If you spent a tenth the time I did staring at and trying to understand polls during the 2012 election cycle, then you owe it to yourself to read Steven Shepard’s National Journal piece on the post-election debate over polls and poll aggregation.
The big data point everyone’s trying to digest is that so many pollsters–particularly Big Dogs like Gallup–missed or underestimated Barack Obama’s eventual four-point popular vote margin. And that in turn has the polling industry (notably those–again like Gallup–who conduct expensive live interviews) a-fearing that their media consumers will increasingly turn to aggregators who simply average and at most massage polling data generated by others.
Shephard offers a useful brief history of the aggregators:
Real Clear Politics began the practice of averaging polls before the 2002 midterm elections. RCP was joined by Pollster.com–which is now part of The Huffington Post–four years later. “Pollster started in 2006, and we were really building on what Real Clear Politics did,” founding Coeditor Mark Blumenthal said. The statistician Nate Silver began a similar practice in 2008, and his site, FiveThirtyEight, was acquired by The New York Times shortly thereafter. More recently, the left-leaning website Talking Points Memo started its PollTracker website before the 2012 election.
Each of these organizations differ in their approaches. Real Clear Politics does a more straightforward averaging of the most recent polls. TPM’s PollTracker is an aggregation involving regression analysis that uses the most recent polls to project a trajectory for the race. FiveThirtyEight and HuffPost Pollster use polls, adjusting them for house effects–the degree to which a survey house’s polls lean consistently in one direction or another. FiveThirtyEight also uses non-survey data to project the election results.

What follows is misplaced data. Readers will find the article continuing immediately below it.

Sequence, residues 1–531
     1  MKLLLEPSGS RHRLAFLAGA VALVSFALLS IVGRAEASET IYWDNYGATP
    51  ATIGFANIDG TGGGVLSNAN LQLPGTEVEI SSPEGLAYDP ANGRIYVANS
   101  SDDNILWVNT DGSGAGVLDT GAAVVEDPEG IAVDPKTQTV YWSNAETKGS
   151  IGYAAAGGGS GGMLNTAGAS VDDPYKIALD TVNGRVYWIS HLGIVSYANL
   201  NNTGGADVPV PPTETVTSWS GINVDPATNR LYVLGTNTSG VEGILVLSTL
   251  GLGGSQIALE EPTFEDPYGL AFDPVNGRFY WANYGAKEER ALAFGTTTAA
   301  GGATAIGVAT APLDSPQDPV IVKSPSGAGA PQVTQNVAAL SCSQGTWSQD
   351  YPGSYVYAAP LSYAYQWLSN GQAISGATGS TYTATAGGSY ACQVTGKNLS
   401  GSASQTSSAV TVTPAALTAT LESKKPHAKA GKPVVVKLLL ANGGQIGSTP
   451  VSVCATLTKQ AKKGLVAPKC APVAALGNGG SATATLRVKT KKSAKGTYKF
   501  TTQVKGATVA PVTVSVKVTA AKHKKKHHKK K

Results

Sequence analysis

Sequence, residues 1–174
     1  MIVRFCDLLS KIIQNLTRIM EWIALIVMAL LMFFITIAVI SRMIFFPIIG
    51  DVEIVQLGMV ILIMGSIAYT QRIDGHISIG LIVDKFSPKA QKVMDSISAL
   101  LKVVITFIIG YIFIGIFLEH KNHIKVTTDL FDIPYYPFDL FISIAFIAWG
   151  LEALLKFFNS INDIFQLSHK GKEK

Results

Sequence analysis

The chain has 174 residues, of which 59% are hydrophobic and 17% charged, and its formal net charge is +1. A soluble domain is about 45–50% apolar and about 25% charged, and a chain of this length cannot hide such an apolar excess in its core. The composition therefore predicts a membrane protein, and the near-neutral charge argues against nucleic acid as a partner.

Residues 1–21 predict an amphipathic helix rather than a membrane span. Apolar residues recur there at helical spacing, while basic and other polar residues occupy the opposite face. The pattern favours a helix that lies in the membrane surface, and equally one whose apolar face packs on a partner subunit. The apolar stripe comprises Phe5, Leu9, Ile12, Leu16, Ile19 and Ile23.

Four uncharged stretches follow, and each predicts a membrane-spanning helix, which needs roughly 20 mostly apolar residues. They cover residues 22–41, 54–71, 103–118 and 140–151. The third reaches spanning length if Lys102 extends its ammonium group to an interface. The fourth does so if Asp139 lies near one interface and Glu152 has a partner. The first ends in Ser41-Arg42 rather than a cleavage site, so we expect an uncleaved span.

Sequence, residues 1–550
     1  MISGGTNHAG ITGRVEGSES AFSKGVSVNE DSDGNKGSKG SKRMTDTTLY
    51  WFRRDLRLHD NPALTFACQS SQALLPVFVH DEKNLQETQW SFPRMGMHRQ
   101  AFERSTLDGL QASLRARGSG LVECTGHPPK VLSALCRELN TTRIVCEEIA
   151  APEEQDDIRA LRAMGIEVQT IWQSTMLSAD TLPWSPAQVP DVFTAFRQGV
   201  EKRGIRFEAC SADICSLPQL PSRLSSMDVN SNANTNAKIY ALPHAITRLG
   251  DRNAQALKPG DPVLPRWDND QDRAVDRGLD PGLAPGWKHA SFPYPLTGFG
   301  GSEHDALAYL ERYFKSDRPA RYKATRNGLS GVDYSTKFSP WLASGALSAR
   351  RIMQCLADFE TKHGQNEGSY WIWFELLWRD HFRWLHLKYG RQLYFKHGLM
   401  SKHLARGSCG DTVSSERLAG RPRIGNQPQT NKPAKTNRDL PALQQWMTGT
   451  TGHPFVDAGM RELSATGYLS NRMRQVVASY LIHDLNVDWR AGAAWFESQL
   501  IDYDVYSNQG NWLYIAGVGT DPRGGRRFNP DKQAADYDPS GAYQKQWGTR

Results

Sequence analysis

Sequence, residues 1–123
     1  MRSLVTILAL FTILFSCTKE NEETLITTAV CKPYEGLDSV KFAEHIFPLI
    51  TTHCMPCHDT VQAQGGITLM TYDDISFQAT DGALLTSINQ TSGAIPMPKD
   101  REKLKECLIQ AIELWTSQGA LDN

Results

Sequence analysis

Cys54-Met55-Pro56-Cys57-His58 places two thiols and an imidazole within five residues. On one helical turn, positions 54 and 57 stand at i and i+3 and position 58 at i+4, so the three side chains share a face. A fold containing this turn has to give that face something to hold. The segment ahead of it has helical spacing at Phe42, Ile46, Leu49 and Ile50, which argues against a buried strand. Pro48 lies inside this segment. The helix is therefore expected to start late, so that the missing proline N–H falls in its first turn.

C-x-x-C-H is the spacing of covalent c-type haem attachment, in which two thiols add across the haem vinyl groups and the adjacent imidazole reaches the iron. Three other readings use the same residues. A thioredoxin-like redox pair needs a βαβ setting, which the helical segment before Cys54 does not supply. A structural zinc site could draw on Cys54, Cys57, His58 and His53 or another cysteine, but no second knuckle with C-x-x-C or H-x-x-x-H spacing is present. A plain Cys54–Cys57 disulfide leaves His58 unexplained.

All four of these outlets underestimated Obama’s margin of victory. Both Real Clear Politics and PollTracker had Obama ahead by only 0.7 percentage points in their final measurements. HuffPost Pollster had Obama leading by 1.5 points, while FiveThirtyEight was closest, showing Obama 2.5 points ahead of Romney in the last estimate. The aggregators that came closest to Obama’s overall winning margin were the ones that attempted to account for pollsters’ house effects.
Aside from “house effects,” aggregators are also vulnerable to distortions created by pollsters who are especially active in any particular election:
Part of that problem, at least when it comes to the national presidential race, were the daily tracking polls from Gallup and automated pollster Rasmussen Reports. Both firms reported results that were biased in favor of Romney this cycle, but by publishing a new result every day, their polls could be overrepresented in the averages. “The one sort of Achilles’ heel of the regression trend line that we’ve done classically on our charts, there are two pollsters that contribute most of the data points,” said Pollster’s Blumenthal. “Not only does that make the overall aggregate off, it can also create apparent turns in the trend line that are [because] we’ve had nothing but Gallup and Rasmussen polls for the last 10 days.”
Gallup and Rasmussen, of course, were the two big polling outfits whose final surveys projected a Romney win. But it’s not as though you can necessarily just pick a “good” pollster and stick with its results: one of those which seemed to nail the final results, Pew Research, was all over the place late in the campaign, producing real panic among Democrats with an October poll showing Romney up by four points. So for the time being, the aggregators would seem to be the most reliable barometers of where a given contest is and may be headed.
Now some people will read this or read Shepard’s piece and say: “Screw the polls.” That’s an understandable attitude, but not particularly helpful; candidates and elected officials are going to look at polling data even if you and I don’t, so we might as well keep up. More generally, the answer to bad or questionable data is more and better data, not less. So as the next election cycle takes shape, perhaps we will see a gradual evolution towards better understanding of polls so voters are less inclined to be fooled by idiot newsreaders or hackish spinners touting a particular survey as definitive.